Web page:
You think he really meant if Blacks hadn’t gone and gotten themselves enslaved there’d be no civil war? Really? I think he’s saying is selfish wrong-headed dumbass whites hadn’t made slavery a thing and short sighted early colonists and founding fathers hadn’t permitted it there would be slaves in the south. In which case the south wouldn’t have had an untenable economy, and then there most likely would not have been a war. That was the heart of why those states wanted to go their own way. They didn’t trust their wealth and prosperity could survive paying the people who did their work or that a portion of the economy was based off treating as a commodity.

    #3

    “But even when you cease to be slaves, you are yet far removed from being placed on an equality with the white race.”

    Doesn’t mean not deserving equality or truly equal. I read it to mean that freedom didn’t mean Blacks would be treated equally. A century and a half later and Blacks are stiil not treated equally.

    I think Lincoln lived in his time. I’m disappointed that he wasn’t fully understanding racial equality the way we do today. But I doubt he was so far at the full on racist iend that the movie’s interpretation of 2 and 3 is totally accurate.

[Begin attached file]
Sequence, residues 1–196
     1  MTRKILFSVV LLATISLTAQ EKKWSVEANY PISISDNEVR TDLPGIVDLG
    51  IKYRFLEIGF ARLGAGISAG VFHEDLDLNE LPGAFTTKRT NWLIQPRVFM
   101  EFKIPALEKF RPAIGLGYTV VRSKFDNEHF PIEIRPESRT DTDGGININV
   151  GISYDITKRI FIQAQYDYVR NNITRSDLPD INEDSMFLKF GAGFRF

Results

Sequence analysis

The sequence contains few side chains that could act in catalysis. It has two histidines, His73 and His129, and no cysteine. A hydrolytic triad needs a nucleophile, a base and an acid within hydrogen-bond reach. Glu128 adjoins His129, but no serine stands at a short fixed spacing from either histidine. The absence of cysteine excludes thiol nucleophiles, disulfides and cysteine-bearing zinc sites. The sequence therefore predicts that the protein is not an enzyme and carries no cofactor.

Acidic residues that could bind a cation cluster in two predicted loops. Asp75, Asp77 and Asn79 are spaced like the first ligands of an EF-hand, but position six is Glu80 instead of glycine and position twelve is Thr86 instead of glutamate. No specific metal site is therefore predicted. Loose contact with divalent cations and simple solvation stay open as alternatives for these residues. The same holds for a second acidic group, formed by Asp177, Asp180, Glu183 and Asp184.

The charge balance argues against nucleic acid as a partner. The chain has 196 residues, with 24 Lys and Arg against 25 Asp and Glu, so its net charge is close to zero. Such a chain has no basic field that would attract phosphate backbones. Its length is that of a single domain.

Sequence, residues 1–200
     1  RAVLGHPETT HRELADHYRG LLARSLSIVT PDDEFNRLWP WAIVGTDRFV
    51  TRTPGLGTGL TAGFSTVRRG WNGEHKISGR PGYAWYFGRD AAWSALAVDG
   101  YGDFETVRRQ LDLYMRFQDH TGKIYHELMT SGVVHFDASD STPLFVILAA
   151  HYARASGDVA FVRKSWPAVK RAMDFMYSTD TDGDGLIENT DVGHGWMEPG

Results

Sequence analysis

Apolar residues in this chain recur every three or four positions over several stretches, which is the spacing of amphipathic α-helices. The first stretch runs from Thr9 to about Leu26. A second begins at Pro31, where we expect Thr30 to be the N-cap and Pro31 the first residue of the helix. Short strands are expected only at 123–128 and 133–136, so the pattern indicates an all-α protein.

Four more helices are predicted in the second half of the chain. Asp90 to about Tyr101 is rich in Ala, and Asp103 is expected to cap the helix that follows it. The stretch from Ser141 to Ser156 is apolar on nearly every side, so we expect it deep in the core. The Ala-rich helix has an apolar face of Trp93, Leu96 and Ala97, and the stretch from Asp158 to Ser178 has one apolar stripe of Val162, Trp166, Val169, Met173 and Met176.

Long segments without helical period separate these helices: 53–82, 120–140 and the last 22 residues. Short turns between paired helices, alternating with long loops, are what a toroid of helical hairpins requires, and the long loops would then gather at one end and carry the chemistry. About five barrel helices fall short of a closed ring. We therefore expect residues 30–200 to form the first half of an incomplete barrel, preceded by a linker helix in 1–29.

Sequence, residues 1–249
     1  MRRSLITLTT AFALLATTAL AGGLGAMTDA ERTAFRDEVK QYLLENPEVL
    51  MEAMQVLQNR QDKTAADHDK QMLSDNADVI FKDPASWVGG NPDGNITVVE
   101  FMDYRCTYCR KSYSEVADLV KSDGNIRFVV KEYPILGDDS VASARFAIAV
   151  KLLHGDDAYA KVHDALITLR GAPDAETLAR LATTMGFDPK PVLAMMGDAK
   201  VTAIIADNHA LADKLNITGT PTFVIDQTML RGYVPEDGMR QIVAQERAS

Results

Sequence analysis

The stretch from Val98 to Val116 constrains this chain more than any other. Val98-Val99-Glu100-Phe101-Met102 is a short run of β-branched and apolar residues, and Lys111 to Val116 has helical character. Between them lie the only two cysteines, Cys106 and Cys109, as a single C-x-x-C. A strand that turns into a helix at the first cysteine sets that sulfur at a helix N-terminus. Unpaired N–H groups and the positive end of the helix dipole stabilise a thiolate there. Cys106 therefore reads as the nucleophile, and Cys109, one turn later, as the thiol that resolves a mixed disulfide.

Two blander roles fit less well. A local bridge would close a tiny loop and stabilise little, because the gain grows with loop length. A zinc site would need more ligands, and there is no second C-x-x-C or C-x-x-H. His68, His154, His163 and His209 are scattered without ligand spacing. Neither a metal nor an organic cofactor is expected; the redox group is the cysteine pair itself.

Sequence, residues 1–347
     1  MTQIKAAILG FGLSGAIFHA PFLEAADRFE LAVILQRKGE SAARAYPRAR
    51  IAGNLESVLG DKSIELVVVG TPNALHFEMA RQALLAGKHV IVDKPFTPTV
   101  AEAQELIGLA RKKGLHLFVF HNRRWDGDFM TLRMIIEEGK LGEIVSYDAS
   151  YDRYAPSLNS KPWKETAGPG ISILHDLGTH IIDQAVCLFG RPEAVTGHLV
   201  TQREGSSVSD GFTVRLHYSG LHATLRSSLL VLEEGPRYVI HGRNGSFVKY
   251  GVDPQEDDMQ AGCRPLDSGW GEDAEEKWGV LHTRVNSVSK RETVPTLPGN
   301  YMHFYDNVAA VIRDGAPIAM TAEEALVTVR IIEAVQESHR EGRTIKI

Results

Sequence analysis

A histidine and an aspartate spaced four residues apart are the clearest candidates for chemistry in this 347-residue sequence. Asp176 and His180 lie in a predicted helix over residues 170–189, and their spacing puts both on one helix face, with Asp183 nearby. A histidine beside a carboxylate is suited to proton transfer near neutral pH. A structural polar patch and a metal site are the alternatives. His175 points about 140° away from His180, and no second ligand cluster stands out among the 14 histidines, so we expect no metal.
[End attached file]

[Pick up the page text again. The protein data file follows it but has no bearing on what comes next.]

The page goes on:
Oh and thank the gods for F. Douglas. What a hero!

  4. Millard M. Surrency says:

    There were many compromises made with the South by Lincoln at the expense of and broken promises to the slaves in order to save the Union.
    The Slaves were freed without given anything to move forward with their lives after emancipation. I am glad these untold truths are finally brought to awareness. America is a great country with an ulgy birthmark!

  5. Richard Larin says:

    I think it is fair to tell the truth about Lincoln’s thoughts and actions at the time , but they must be put in context as to his time. What problems and opposition did he face? What were the thoughts and solutions proposed by others with which he had to compromise. Also remember Washington, D.C. was only about 30 or 40 miles from Richmond at a time of Ciivil War.

    President Obama did not initially believe in equal rights for LGBQ. Then the whole society had an incredibly dramatic shift in its attitude. Should we saddle Obama with his unfair position because it displayed much of the people’s beliefs along with him at the time.

    If you just tell the truth about Lincoln without fairly putting it in context at the same time this is just giving the right wing an absolute winner..Lincoln is generally considered the greatest American of all time.

  6. Alexander says:

    History needs to be viewed in context. Of course the enlightenment we wish to see in today’s terms did not exist in Lincoln’s time. He could have easily taken other courses of action but chose the best means available at that time. Just because fault can always be found does not mean we should dig up the past looking for it.

  7. Jilly says:

    We do not know what went in his mind at the time. Let’s not turn the history of this man in to something they did not do. Times were different then how can we believe we understand. How can we judge them.

  8. Poorshia Foresighting says: